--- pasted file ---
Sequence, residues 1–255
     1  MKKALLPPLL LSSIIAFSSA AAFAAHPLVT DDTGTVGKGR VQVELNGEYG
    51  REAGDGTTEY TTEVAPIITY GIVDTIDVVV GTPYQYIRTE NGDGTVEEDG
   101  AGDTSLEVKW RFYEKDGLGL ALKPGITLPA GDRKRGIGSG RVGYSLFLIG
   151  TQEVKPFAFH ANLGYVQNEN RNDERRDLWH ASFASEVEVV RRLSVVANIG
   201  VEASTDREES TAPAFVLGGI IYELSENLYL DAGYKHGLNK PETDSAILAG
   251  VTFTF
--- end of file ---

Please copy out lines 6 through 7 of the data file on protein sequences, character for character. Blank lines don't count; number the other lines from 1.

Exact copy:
   201  VEASTDREES TAPAFVLGGI IYELSENLYL DAGYKHGLNK PETDSAILAG
   251  VTFTF